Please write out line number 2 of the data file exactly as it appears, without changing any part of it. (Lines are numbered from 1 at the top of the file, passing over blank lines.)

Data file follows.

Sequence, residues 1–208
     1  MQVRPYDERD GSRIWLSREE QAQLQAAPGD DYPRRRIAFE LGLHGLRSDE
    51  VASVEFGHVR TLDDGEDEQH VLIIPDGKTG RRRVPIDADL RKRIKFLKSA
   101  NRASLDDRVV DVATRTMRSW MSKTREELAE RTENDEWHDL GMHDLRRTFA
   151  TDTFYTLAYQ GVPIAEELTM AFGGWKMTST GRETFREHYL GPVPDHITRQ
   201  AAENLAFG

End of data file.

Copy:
     1  MQVRPYDERD GSRIWLSREE QAQLQAAPGD DYPRRRIAFE LGLHGLRSDE